Just last week we did a little birding with WBU's Chief Naturalist John Schaust. We saw a Magnolia Warbler gleaning insects from leaves and he pointed out a very distinctive field mark: a white band in the tail.
On the Confusing Fall Warbler page of the Peterson Field Guide this is pointed out, as is the yellow rump. I vowed to keep these key field marks in mind when viewing warblers.
Low and behold, just 5 days later, I had my chance. My first look at the bird was typical warbler - partially obstructed. My second look was much better.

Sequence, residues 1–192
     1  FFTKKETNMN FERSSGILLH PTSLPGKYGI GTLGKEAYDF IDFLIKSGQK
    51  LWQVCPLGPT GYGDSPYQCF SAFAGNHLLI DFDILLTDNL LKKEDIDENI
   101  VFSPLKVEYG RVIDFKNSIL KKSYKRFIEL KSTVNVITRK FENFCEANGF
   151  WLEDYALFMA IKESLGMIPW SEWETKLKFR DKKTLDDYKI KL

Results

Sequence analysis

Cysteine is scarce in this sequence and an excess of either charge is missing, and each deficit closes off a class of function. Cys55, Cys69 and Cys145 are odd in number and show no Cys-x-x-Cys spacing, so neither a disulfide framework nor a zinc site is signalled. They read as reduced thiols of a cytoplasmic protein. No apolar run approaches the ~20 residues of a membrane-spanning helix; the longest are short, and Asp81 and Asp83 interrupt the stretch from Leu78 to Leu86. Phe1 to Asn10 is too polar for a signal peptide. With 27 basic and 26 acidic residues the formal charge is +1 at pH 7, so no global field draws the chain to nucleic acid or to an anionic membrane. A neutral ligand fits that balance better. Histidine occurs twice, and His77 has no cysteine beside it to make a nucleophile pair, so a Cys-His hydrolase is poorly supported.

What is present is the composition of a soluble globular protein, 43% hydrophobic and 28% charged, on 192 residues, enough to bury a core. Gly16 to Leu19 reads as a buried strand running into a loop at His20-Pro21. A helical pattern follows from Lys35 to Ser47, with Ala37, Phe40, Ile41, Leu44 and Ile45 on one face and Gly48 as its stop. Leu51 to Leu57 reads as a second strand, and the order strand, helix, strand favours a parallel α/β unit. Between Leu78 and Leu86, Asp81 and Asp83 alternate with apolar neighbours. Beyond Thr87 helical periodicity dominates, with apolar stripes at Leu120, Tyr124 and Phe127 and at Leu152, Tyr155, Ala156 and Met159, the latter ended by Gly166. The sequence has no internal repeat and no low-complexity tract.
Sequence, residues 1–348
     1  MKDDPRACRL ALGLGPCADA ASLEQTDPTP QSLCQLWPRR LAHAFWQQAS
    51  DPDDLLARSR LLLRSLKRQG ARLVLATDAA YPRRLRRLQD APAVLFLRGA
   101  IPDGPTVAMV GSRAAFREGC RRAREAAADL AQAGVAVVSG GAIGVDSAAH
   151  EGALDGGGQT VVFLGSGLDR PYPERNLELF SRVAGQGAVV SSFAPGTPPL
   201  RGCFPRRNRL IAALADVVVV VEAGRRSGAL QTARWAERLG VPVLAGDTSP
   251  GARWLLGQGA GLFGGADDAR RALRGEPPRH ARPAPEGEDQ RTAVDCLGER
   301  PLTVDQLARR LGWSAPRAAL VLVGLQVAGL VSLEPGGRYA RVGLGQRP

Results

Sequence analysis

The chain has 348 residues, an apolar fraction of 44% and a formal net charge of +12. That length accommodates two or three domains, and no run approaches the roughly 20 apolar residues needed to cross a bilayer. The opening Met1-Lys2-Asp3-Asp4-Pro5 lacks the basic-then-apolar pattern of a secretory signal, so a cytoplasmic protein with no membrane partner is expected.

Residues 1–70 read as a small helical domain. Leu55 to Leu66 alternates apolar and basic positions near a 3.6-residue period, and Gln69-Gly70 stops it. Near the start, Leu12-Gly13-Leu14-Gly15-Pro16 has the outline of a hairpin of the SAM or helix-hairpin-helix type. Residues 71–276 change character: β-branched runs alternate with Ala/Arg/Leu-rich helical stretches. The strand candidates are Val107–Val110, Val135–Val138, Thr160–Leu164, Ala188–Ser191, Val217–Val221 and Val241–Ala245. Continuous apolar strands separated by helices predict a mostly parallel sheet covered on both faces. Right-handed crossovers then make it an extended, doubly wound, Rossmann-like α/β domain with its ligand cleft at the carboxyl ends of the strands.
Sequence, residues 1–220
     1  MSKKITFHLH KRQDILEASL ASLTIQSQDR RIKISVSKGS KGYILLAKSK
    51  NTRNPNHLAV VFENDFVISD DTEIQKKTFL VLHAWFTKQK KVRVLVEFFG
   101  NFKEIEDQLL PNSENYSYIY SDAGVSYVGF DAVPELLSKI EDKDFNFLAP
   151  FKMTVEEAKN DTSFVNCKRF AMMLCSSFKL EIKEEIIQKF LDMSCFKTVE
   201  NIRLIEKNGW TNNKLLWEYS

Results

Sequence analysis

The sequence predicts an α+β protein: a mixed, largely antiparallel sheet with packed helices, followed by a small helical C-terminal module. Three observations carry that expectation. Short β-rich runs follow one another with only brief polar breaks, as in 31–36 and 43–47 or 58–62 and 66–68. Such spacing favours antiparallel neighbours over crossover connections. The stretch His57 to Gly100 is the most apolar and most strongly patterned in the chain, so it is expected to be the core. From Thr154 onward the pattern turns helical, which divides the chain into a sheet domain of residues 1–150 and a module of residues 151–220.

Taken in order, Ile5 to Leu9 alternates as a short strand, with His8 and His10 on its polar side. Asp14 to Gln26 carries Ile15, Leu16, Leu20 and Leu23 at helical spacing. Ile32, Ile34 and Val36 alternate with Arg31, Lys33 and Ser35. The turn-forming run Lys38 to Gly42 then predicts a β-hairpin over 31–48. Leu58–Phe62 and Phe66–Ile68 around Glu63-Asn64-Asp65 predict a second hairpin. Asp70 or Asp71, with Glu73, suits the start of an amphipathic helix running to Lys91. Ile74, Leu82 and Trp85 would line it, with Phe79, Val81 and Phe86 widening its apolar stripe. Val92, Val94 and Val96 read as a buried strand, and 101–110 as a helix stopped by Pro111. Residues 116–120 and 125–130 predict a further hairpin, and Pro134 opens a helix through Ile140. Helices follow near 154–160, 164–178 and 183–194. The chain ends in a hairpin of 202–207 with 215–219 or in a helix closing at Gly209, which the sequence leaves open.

But my next look sealed it: a beautiful white band at midtail. Add the yellow rump and I had myself a Magnolia Warbler! No need to even check the guide or ask around (which doesn't happen often for me!!)
Another useful page in the Warblers Peterson Field Guide is the undertail pattern page that also shows a dark outer band and white inner band and undertail coverts. I got a good look at those too.
It doesn't happen often with warblers, but it's nice to have such distinctive field marks on a bird to solidify an ID. It's also nice to be able to put a tip into practice right away, to help cement in my little brain!! I need all the help I can get with warblers!